Assad 'has been warned' over chemical weapons use: Mattis

Assad 'has 'been warned' over chemical weapons use: Mattis
2 min read
12 September, 2018
"He's been warned, and so we'll see if he's wised up," the US defence secretary told Pentagon reporters.
The US previously struck the Assad regime twice after chemical weapons use [Getty]
The US has warned Syrian President Bashar al-Assad against using any chemical weapons ahead of an anticipated regime offensive on the last-remaining rebel-held province. 

US air and missile strikes have previously targeted the Assad regime twice after using chemical weapons in attacks. Officials have in recent days said additional action would follow if Assad were to use the banned weapons in Idlib province. 

"In Idlib, we're watching very closely what the Assad regime, aided and abetted by the Iranians and the Russians are up to there," Defence Secretary Jim Mattis told Pentagon reporters.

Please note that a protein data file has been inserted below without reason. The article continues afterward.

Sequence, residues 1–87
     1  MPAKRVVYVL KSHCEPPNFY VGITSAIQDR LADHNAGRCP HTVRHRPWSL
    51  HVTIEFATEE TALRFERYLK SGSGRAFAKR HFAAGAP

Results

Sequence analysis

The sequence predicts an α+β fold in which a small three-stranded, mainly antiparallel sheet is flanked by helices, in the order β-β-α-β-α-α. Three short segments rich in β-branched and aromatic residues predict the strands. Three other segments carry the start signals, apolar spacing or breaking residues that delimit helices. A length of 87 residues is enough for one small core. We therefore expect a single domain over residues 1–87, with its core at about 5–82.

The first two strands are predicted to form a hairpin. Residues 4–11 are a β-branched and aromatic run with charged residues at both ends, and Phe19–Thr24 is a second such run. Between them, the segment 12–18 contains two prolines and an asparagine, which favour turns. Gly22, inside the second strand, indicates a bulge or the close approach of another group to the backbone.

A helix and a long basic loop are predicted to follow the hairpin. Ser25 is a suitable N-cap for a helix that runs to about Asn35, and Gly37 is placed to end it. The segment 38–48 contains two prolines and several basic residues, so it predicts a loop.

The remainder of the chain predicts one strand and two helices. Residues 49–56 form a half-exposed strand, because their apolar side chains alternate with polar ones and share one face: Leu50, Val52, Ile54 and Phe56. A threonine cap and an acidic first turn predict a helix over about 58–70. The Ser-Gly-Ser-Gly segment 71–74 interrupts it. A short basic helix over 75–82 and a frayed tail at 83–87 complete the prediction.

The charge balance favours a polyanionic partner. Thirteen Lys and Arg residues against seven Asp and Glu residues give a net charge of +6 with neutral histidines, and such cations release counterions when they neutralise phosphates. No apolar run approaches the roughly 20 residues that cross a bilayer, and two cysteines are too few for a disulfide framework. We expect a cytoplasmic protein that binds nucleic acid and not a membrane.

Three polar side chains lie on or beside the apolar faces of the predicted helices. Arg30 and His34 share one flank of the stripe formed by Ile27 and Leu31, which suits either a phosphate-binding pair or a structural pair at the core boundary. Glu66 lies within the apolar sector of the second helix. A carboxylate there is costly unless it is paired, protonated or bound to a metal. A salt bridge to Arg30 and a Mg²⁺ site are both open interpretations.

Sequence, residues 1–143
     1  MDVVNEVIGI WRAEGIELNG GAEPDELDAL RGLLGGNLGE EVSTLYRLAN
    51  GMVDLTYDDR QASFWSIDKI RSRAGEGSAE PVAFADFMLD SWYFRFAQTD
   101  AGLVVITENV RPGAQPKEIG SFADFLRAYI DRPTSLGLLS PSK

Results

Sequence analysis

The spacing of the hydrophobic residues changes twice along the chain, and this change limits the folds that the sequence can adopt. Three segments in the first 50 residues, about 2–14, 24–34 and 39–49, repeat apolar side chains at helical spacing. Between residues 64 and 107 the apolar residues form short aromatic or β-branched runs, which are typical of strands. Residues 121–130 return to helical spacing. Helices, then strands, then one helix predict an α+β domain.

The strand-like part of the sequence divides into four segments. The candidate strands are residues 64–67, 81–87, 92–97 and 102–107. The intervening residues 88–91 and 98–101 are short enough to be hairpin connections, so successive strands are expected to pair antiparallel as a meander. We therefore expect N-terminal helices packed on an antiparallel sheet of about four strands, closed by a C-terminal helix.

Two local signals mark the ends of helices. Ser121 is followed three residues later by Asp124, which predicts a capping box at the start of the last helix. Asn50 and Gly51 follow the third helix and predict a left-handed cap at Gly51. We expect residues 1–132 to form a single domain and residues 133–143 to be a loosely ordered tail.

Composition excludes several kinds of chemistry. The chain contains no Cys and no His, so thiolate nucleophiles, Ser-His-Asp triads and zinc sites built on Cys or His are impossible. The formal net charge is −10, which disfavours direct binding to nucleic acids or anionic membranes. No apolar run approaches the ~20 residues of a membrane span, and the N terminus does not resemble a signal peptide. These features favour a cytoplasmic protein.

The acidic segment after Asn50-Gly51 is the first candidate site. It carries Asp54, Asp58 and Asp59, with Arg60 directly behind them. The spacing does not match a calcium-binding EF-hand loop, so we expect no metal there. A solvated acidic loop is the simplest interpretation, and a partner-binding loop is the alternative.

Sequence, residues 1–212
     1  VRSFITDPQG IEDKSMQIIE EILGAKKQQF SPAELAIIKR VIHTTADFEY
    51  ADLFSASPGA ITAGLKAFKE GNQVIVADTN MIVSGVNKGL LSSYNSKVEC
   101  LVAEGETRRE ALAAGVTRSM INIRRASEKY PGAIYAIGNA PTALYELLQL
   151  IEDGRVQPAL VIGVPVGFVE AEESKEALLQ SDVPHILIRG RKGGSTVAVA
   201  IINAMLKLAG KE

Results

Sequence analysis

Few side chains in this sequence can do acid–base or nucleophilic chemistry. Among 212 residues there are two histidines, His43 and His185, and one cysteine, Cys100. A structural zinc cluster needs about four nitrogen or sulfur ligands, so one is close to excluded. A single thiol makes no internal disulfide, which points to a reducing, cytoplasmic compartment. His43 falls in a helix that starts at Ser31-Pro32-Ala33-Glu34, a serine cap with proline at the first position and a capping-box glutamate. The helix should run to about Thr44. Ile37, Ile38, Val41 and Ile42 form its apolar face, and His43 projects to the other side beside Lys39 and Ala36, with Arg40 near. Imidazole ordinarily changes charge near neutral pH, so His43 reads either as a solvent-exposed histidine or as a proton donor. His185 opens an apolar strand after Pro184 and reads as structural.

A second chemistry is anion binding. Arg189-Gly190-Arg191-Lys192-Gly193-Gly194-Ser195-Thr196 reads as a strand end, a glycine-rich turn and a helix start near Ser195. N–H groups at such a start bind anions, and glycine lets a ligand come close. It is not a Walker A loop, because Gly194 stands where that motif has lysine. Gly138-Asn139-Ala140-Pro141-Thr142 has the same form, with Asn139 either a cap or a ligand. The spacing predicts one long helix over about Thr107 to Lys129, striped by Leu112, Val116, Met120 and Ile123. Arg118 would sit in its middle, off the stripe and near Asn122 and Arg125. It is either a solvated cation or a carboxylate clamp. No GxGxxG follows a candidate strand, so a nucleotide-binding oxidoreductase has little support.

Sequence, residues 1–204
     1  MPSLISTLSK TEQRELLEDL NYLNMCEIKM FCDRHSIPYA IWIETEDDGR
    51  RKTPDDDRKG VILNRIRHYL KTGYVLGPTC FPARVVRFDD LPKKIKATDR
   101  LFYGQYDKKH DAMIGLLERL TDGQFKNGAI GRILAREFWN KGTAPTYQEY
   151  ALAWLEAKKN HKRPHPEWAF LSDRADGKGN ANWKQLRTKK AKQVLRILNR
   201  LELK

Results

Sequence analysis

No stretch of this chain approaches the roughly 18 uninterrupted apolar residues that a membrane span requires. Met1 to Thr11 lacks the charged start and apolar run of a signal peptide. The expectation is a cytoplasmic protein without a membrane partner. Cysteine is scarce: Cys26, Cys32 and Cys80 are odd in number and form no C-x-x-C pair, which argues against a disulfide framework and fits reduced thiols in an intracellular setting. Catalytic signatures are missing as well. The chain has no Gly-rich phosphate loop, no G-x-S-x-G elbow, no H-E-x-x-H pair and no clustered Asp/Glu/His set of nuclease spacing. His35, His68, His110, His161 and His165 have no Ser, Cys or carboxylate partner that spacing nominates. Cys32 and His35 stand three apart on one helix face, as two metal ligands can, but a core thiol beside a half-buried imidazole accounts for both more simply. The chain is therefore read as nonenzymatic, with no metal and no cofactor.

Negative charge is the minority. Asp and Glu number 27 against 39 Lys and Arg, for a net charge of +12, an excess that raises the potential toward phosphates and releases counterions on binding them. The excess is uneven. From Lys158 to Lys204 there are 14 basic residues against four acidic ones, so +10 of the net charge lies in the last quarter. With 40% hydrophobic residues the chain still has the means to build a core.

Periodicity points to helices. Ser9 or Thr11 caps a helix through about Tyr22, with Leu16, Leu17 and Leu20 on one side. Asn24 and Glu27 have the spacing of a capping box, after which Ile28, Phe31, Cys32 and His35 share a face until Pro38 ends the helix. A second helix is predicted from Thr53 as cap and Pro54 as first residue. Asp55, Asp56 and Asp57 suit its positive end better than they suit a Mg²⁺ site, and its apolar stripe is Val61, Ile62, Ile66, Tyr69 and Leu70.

Pointing to a US missile strike on a Syrian air base in April 2017 after Assad's jets launched a chemical attack in Idlib, Mattis noted that the Syrian leader suffered massive losses to his air force.

"The first time around, he lost 17 percent of his pointy-nosed air force airplanes," Mattis said, referring to the unusual nose cones on Russian-built jets.

"He's been warned, and so we'll see if he's wised up," he added.

A second strike, in April this year, saw British and French militaries assist the US-led mission.

Idlib province and adjacent rural areas form the largest piece of territory still held by Syria's rebels, worn down by a succession of regime victories in recent months.

Assad has now set his sights on Idlib, and his forces have stepped up bombardment of the densely populated province since the beginning of the month.

Violence has displaced 30,000 people in Idlib and the adjacent province of Hama this month alone.

The UN has warned that a large-scale military operation against the rebel-held province could create "the worst humanitarian catastrophe with the biggest loss of life in the 21st century".

Idlib is home to some three million people - about half of them already displaced by fighting in other parts of the country.

Agencies contributed to this report. 

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